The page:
Jobs on the line for South Africa's financially distressed media industry – SANEF
CAPE TOWN – The media industry has come under severe financial distress through the Covid-19 pandemic, and South African National Editors Forum (SANEF) has commissioned research to hopefully render funding solutions, including the possibly a media industry relief fund.
This was according to Sanef executive director Kate Skinner, who said the industry had come under a great deal more financial stress, a lot quicker than what had been anticipated, ahead of the national lockdown.
If something was not done urgently, the production of quality news might reduce, more media industry jobs might be lost, and more media companies might close, she said.
Sanef had already done some research on funds, local and global, that might be able to provide media companies with financial relief, she said.
Many advertisers had stopped advertising through the lockdown, and the effective closure of the events industry also had a severe impact on media companies, which had already been under financial strain before the lockdown.
“We have been monitoring the situation. The Mail & Guardian warned it might not be able to pay April salaries, Independent Group said it would reduce salaries by 40% in the same month. Shortly after that the Association of Independent Publishers (AIP), which represents some 200 small independent community print publications across the country, put out a distress call for additional government advertising support,” said Skinner.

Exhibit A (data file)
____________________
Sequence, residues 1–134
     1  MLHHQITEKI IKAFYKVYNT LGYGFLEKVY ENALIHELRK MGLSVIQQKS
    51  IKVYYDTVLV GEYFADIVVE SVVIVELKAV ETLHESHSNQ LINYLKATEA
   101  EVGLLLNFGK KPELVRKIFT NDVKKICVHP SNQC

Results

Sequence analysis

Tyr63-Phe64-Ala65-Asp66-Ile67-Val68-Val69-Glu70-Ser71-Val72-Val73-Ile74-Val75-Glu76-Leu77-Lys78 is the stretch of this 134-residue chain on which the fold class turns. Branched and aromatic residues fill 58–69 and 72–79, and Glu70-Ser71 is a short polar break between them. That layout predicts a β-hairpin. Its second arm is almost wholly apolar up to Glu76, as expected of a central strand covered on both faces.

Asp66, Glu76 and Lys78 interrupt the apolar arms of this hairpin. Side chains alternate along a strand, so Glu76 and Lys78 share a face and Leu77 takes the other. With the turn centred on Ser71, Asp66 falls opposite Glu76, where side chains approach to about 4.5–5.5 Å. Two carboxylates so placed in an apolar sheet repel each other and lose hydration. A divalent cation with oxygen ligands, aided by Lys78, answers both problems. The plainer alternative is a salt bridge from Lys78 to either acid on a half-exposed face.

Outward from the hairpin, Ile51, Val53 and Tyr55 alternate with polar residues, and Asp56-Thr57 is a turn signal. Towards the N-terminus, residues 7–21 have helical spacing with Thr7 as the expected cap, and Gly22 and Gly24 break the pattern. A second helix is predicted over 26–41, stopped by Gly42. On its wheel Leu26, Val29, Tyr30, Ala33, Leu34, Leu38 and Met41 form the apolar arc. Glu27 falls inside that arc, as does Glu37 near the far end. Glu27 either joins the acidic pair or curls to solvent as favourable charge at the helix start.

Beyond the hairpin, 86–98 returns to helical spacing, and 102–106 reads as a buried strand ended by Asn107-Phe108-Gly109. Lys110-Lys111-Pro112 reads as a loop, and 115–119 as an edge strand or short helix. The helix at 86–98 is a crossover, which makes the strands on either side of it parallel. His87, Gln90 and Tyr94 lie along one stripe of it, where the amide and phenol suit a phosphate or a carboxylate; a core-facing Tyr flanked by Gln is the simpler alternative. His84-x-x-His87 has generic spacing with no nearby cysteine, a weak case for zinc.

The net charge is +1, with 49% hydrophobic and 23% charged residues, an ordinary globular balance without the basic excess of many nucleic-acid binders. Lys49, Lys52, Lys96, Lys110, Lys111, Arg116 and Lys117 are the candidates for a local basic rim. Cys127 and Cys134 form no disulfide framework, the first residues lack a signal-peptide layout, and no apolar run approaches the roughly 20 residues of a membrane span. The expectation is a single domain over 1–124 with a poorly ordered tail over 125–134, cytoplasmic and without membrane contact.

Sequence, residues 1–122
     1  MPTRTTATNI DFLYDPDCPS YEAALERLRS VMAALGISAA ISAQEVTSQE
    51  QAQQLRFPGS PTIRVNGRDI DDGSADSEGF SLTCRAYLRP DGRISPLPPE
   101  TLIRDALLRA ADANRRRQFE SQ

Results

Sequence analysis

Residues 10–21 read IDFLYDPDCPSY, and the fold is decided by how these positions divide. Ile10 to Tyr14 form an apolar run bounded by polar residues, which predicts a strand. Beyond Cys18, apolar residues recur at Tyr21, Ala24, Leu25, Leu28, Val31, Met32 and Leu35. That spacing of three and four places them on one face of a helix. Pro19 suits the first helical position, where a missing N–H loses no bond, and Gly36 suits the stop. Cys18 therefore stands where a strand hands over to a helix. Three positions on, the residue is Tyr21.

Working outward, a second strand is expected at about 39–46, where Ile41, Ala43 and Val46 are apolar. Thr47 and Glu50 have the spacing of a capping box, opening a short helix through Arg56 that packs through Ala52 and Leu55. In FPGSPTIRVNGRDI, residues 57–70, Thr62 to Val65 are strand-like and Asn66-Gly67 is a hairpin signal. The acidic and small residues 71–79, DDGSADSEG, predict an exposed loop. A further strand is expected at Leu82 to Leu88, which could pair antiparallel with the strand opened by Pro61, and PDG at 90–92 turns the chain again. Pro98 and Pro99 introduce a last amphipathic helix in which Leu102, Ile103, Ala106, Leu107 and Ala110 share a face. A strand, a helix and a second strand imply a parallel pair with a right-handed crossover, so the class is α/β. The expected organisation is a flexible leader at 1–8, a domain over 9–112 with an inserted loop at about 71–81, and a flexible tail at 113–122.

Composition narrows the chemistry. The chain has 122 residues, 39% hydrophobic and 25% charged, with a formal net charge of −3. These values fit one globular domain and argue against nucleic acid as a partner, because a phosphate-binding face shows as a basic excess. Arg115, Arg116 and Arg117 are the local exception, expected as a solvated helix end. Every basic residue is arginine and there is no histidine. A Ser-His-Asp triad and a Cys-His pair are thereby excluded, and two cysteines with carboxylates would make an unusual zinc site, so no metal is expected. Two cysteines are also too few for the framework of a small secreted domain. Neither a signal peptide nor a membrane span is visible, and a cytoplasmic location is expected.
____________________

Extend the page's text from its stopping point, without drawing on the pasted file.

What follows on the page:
Then, last week, Associated Media Publishing (AMP) announced its closure – the company published Cosmopolitan, House & Leisure, Good Housekeeping and Women on Wheels.
Skinner said community media journalists and freelancers do not meet the traditional protections of paid sick leave, insurance and funds from the Unemployment Insurance Fund (UIF), and they face a bigger risk of financial hardship that ordinary employees.
A survey by the South African Freelancers Association (SAFREA) showed that more than 50% of members had already lost more than 70% of their income.
Many freelancers had lost 100%, and because their work was often ad hoc rather than contractual, they had been turned down for government relief funding.